Jason Williams, DNA Learning Center, shows how to extract DNA from an animal or plant sample.
Now that you have your samples in their individual and labeled tubes, you’re ready to begin with the extraction. What we’ll need to do is add 100 μL of the nuclei lysis solution, so I’m going to use my blue pipette set to 100 μL, and always I want to use a fresh tip to add the solution every time. My lysis solution is already on ice, so I’ll carefully get 100 μL, cap that back up, and add that 100 μL to my first sample. Once you’ve added the solution to the sample, you can take a clean pestle and start grinding the sample forcefully for about one minute. Once you’ve ground the sample thoroughly, and in some cases you may notice that the solution changes color – chlorophyll might be released with plants, with animals you may see some color change – just grind it until you hopefully see some of that color comes out; that means that you’ve done a good job. Then add the remaining 500 μL of the nuclei lysis solution. Make sure to mix after you’ve added that last 500 [μL]of the nuclei lysis solution, and add this to the heat block.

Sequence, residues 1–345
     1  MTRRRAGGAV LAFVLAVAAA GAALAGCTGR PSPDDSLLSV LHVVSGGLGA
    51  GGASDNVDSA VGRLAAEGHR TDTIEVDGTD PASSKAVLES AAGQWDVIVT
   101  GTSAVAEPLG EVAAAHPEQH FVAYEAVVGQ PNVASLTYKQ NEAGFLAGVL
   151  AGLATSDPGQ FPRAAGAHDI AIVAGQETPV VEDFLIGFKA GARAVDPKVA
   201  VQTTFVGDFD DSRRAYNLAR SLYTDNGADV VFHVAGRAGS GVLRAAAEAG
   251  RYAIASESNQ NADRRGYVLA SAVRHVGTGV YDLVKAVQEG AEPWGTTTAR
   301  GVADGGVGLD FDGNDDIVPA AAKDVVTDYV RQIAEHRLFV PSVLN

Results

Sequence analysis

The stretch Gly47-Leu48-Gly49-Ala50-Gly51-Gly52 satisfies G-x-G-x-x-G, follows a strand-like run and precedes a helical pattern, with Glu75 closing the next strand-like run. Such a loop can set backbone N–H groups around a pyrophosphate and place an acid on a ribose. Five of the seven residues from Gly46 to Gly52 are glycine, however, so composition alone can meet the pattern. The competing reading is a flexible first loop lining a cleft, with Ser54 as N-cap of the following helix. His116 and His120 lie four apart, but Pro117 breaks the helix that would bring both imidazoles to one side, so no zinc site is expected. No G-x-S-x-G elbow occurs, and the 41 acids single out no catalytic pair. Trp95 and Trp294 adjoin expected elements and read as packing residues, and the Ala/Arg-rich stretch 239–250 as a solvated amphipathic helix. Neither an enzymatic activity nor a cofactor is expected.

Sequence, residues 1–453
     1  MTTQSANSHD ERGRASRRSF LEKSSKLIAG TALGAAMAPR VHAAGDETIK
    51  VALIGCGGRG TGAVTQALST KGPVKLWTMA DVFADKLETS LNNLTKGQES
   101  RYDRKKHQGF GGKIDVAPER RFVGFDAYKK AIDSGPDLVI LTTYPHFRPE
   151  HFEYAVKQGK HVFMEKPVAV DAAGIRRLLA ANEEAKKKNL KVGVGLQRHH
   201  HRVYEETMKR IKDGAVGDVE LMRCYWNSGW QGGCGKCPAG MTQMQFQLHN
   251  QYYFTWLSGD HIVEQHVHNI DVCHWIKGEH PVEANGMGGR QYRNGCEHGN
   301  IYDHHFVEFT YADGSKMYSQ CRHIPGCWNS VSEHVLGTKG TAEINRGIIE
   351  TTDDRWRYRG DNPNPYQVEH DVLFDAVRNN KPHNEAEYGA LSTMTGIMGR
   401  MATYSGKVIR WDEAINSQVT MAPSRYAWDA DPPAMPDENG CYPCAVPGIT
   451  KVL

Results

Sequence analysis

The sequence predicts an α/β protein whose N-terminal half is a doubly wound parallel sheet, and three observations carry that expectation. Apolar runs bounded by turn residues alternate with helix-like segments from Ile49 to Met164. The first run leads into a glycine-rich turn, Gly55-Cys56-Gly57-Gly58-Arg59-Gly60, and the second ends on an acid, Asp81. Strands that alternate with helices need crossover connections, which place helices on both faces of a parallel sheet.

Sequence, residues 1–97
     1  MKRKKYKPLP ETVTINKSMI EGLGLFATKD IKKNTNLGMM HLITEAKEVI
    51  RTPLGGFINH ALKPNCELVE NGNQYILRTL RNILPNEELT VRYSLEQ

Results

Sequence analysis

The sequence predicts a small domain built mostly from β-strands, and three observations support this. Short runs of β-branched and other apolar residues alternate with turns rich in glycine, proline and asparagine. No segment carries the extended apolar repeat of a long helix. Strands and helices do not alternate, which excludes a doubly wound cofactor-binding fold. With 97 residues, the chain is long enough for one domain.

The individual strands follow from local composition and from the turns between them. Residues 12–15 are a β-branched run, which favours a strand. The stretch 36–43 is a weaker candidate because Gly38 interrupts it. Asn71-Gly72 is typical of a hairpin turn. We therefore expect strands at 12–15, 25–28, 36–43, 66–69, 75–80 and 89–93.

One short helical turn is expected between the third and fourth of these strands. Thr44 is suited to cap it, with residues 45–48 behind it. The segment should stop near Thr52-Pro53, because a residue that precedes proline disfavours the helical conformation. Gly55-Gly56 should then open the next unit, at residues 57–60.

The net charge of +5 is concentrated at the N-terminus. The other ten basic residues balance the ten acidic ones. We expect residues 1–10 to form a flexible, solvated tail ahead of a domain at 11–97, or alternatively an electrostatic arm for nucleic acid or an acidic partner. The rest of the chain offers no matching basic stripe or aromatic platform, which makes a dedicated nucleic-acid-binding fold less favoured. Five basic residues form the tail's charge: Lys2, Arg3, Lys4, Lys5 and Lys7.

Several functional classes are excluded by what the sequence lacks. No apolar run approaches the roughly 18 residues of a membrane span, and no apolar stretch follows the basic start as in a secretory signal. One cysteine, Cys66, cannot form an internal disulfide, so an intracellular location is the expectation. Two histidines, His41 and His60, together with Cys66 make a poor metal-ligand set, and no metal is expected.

Once your samples have incubated for 15 minutes at 65 degrees, you have to add the RNase solution. The RNase solution contains RNase enzyme, and that enzyme is going to actually break down a lot of the RNA that’s present in the solution, so that when we actually precipitate nucleic acids, the majority of what we’re going to get back is DNA. I’m taking my P10, and I’ve set it to 3 μL, and you want to take a fresh tip, take up 3 μL of the RNase solution, and add that to each one of the tubes. Once you’ve added it to the tube, you want to shake the tube and then place it at 37 degrees; so if you have another heat block place it in that one, if you need to let this heat block cool just cool it to 37 degrees and then place this to incubate for an additional 15 minutes.
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The mission of the DNA Learning Center is to prepare students and families to thrive in the gene age. We envision a day when all elementary students are exposed to principles of genetics and disease risk; when all high school students have the opportunity